When the day of the appointment rolled around my mother came with because this was an incredibly important event to attend. The massive heart center must have spanned over 3 football fields with an extremely modern design. I was hopeful just walking through the door. I needed desperately a fresh take on my POTS diagnosis. When we were ushered into the backroom the doctor enters wearing the typical white doctors garb. She was beyond intense for having the thinnest frailest body imaginable. She talked fast and at some points I couldn’t even understand her. She asked me to tell my story, which I did.
“You don’t have POTS”
Excuse me? Wait what? What did she just say? I looked at my mother, as she looked back at me almost in a rage. What do you mean I don’t have POTS? She asked me to take away the POTS diagnosis and describe my symptoms.
“Because of my POTS…” She stops me and says no, take out POTS, and just describe the symptoms.
“I can’t exercise without my POTS symptoms…”
“Without the POTS…” she exclaimed.
I continue. Explaining my situation was very difficult without adding in the POTS symptoms. I was associating everything with that word. My brain fog, the blood pressure changes, the intolerance to hot and cold, the inability to exercise, the aches and pains I have all over, the chronic fatigue, all of my stomach problems, the cold sweats I would get, even my sleep issues. Everything I could think of I associated with the POTS diagnosis. Well after all I’ve been told this over and over again for years by my former doctor. Everything I had was POTS. All the symptoms were POTS. I couldn’t do this because of POTS. I couldn’t do that because of POTS. It was hard explaining it any other way.
But it was a misdiagnosis. Everything I was told was not true. After living with this diagnosis for 6 years I was told I do not have POTS. I was skeptical. So was my mother. In fact she started back talking the doctor who immediately talked over her. My mother is no wimpy woman and would never let me be pushed around by a doctor. She voiced her opinion while I sit there stunned, now rethinking practically my entire life.
The doctor told us that POTS is a regularly misdiagnosed syndrome since there is no official test to prove you have it. It is simply diagnosed by looking at your symptoms and labeling you with something so they can begin treatment. She also added that most people who truly have POTS are elderly people who can’t get up since they immediately pass out. Things like this did anger me since I knew it wasn’t true. I know in my case it might not have been POTS but by doing research it is most common in adolescents. Not once had I heard it be diagnosed to elderly patients only. She also questioned if my stomach problems actually existed which also frustrated me till no end. This woman sat there and decided to pick me apart piece by piece and tell me it was all a lie. I was questioning POTS but I was not questioning my stomach issues or migraines. Let’s just say this woman was a straight up bitch in white that had no problem exploding your brain with completely new information then stomping on you by insulting the support at home. To end the appointment she told my mother to be more accepting of this news and for me to keep a journal every day, then I would see her in 6 months. To see the look on my mother’s face must have been priceless. But I signaled my mother to not say anything so we could get out of there and have a real discussion with just the two of us.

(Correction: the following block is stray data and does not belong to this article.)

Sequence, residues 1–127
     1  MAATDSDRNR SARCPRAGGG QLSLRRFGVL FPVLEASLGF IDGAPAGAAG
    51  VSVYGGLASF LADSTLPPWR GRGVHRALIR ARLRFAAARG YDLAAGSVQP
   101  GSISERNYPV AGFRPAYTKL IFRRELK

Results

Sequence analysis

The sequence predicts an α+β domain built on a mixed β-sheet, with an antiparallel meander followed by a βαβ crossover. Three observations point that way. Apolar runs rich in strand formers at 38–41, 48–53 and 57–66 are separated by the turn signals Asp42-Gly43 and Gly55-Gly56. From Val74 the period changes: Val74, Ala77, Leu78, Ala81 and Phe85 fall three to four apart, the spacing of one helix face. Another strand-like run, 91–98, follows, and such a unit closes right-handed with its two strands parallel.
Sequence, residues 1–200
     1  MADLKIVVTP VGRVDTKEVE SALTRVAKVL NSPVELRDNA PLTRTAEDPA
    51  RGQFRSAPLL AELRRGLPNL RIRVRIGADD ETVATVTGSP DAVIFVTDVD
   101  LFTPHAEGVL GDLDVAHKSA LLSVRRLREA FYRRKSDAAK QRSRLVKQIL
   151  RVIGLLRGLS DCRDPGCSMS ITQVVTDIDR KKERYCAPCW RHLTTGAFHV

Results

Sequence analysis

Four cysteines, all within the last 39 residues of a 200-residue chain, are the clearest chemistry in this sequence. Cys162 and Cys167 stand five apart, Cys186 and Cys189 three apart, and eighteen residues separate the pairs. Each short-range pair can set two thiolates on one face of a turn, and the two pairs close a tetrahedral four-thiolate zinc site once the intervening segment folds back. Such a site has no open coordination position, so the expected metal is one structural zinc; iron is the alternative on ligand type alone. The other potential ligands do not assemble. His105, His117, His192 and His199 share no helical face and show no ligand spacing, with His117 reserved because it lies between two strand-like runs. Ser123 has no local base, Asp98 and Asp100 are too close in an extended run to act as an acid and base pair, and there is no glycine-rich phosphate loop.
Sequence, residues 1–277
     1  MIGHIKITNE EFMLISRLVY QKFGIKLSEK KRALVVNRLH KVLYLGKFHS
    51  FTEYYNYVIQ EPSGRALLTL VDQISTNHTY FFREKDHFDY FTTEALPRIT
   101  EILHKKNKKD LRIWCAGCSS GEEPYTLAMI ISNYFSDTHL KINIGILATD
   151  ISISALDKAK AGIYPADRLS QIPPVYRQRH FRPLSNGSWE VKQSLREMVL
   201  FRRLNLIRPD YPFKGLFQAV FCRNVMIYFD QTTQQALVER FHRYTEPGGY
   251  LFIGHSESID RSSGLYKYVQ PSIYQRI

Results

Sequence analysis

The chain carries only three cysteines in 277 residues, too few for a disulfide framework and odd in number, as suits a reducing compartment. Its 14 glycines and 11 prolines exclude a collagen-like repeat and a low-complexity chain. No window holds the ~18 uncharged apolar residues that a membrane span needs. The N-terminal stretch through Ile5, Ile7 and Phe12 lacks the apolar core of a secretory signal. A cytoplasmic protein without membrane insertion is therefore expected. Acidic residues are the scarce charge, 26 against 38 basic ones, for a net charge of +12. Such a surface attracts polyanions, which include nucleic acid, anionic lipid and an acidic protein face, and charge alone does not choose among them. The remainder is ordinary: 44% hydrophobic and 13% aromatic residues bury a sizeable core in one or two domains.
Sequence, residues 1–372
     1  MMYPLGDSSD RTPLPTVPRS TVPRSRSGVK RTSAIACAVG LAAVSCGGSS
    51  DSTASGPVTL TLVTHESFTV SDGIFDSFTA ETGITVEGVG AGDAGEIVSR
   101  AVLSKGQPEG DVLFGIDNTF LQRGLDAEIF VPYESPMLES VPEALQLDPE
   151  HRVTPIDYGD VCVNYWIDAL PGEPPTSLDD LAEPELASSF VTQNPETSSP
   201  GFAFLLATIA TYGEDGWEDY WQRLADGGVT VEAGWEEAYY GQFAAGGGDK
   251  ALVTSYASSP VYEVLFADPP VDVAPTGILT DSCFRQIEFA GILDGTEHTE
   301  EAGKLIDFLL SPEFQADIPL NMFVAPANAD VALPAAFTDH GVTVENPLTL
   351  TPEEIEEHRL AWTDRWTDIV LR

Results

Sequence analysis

As we were walking out the door she also added that she would refer me to a rheumatologist because she thinks I might have nerve damage that might be causing some of the symptoms. We finish up the scheduling and head back to the car where I immediately start having a meltdown.
And there I was, back in the dark yet again.